Climbing the Learning Curve

It's a special challenge when your team has to learn new technologies and skills at the same time they're building a product. What can you do to manage the impact to delivery when your team needs to learn a new skill? Here, Esther Derby offers some strategies that support learning while building.

A few weeks ago I worked with a project team on a project retrospective. The project finished very late, though it did finally deliver part of the original scope. We examined the project history to understand what they'd done well, and what they would do differently. As the story of the project unfolded, a familiar pattern emerged.

The team had significant experience making incremental improvements to the company's core product. The time had come to re-architect and rebuild the system using newer technologies and an architecture that would enable the company to expand into related product lines.

This project required the team to learn new technologies and skills as they moved from COBOL to C++ and object design, relational databases and SQL, as they took on designing a system from the ground up.

Looking back, it seemed obvious. The team was facing the prospect of building significant new skills while building a new product.

"I wish we could have found a way to learn how to think in objects before we designed the whole thing," said Eric.

"Yeah," said Sara. "If I'd known at the beginning what I did at the end, I would have designed the databases differently. We lost a lot of time redoing things once we actually learned how to use the new DBMS."

You may not face this set or this many "new to you" challenges on your next project; but with the pace of technology change and the push for innovation, it's likely you'll be facing a steep learning curve on a project sooner rather than later.

What can you do to manage the impact to delivery when your team needs to learn a new skill? Here are some strategies that will support learning and help deliver a product.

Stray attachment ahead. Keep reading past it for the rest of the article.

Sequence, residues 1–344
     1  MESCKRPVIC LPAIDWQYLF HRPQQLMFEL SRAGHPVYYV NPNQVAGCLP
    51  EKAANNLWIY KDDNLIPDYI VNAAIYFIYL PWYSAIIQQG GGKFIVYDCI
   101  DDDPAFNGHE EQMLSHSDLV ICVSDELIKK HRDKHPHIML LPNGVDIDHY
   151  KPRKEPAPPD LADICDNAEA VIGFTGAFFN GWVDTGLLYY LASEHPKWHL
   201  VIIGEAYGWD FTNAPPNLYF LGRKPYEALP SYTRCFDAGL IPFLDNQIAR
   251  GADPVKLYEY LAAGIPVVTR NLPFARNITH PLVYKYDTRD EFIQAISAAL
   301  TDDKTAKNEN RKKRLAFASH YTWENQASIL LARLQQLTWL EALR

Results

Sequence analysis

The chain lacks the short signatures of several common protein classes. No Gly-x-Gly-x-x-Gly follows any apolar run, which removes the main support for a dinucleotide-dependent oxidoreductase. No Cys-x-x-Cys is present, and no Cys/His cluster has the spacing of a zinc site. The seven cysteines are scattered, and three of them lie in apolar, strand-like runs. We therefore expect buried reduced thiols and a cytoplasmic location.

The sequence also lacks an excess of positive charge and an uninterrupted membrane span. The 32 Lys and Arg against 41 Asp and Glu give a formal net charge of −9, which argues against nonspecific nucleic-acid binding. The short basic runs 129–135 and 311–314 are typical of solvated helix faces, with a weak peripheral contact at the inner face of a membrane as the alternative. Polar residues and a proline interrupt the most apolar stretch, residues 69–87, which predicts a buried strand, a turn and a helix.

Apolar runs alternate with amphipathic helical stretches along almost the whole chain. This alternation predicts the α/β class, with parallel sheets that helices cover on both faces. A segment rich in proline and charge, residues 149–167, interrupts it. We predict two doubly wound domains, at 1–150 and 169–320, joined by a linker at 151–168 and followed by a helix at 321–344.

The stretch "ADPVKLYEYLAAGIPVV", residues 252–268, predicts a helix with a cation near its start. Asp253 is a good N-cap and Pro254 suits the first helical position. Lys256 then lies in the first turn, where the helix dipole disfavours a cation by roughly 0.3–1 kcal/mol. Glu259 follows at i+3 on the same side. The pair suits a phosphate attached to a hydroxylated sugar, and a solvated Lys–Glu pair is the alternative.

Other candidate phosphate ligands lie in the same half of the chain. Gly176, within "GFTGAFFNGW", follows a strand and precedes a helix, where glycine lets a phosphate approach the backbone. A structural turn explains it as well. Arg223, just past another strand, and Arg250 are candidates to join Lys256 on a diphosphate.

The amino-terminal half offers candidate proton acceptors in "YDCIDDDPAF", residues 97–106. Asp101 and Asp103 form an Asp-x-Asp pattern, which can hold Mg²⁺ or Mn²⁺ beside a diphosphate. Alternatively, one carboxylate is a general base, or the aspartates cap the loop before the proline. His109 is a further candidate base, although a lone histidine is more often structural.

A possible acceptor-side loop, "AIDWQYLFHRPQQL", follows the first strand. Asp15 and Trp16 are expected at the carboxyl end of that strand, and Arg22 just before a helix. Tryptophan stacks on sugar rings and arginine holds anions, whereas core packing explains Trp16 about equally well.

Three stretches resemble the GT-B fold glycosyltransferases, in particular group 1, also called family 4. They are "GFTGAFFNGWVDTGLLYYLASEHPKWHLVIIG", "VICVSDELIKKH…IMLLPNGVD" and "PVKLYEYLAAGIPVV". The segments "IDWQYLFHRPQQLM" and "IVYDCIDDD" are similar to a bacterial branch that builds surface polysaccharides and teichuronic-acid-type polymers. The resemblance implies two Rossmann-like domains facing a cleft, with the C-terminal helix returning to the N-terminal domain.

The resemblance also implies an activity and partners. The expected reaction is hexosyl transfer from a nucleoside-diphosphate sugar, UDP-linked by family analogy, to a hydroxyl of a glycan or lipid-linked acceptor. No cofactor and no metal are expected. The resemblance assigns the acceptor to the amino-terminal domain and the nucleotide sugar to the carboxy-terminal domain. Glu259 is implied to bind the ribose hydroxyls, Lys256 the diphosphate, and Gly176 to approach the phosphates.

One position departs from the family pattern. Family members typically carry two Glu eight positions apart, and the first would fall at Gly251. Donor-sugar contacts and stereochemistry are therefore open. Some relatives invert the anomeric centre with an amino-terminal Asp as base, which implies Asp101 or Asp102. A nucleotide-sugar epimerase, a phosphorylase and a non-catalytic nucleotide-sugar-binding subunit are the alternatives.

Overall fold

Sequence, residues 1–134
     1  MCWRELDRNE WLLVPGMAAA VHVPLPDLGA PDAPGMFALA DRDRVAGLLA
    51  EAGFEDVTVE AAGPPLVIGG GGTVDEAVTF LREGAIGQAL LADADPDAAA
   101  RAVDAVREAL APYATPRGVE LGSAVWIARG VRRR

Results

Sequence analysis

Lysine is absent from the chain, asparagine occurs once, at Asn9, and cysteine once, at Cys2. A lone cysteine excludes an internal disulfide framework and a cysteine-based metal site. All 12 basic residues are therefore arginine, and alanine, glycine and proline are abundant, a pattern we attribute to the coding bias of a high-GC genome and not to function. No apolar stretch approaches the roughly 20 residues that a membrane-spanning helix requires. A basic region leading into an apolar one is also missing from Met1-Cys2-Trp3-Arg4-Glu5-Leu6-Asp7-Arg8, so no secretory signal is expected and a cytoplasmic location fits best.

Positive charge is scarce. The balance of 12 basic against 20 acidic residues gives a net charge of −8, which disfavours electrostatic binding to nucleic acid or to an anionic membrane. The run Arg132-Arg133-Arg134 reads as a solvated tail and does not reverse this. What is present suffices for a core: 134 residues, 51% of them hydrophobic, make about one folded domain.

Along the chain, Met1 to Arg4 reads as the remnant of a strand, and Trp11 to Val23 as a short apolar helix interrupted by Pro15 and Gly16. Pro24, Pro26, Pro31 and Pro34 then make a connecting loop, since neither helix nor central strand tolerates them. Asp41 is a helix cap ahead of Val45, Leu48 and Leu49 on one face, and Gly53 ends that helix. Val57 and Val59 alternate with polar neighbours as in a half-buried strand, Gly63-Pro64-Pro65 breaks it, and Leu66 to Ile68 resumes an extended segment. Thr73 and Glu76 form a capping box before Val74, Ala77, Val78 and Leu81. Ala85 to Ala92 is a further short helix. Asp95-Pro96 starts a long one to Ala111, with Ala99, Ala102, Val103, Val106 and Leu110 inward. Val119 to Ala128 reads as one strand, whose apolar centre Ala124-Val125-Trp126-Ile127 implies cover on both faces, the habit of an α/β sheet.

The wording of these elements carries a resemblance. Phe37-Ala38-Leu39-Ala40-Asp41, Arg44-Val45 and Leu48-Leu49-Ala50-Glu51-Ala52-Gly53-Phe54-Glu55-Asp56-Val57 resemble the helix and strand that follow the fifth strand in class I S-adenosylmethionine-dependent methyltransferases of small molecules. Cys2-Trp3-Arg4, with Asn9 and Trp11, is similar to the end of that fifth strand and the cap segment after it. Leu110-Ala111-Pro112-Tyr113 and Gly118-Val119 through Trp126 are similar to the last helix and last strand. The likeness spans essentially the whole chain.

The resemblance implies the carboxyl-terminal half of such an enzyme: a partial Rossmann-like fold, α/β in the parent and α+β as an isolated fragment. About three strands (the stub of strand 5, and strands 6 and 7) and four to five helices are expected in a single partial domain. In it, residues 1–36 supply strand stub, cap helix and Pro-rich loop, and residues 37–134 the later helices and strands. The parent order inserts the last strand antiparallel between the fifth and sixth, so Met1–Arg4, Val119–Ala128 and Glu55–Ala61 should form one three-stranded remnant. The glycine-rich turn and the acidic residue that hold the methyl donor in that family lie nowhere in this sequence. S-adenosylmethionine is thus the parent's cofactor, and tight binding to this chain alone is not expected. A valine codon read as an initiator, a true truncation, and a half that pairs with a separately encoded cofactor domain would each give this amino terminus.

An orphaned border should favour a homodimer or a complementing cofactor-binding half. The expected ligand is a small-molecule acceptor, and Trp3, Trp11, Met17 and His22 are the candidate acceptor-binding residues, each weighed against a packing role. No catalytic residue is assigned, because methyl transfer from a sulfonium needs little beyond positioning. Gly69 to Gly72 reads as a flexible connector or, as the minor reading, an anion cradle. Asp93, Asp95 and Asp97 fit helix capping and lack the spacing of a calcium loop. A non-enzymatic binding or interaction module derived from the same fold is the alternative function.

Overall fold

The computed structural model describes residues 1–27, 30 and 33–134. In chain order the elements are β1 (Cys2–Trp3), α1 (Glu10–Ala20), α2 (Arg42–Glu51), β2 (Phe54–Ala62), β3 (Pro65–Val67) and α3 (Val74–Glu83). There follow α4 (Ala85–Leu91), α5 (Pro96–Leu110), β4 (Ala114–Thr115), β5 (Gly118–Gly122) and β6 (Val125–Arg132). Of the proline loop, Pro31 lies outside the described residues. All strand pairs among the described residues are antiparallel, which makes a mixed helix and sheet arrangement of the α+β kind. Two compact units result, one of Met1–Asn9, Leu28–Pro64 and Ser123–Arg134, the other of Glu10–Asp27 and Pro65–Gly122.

Practice with Feedback
Many of us start learning out of a book or a week-long seminar, but to really master a new subject we need practice.

If you've ever taken up a new physical skill such as riding a bike, dancing, or playing golf, you have probably had this experience: you believe you are doing something right, but you are not achieving the results you anticipate. You lose your balance, step on your partner's toes, or hit into the rough. The results tell you something is not right, but you don't know exactly what to change. So you try sitting up straight, looking down at your feet, or lowering your shoulder. The adjustment may or may not improve the results. If not, you try something else.

One way to obtain more targeted feedback is to view yourself on videotape as you practice the new activity. As you watch the tape, you will obtain more information on how far away you are from proper form, but you may not know how to correct the problem.

When someone else who is an expert in the activity observes your performance, you receive specific feedback that tells you what aspect of your form is not correct and what you need to do to improve.

I've tried all of these methods: book learning, self-modification by trial and error, and videotaped feedback. I can learn a skill with any of them. I achieve the best and fastest results when I practice the skill and have feedback from an expert.

The same is true for learning a new technology, language, or design construct. We do receive feedback from the environment—the code doesn't work, the tests fail, the program won't compile or build. These feedback mechanisms give us information, but they are slow and painstaking.

Practice with expert feedback will increase the rate of learning and provide a base level of quality. While the expert won't correct all the style errors, she may prevent the worst from making it into the end product.

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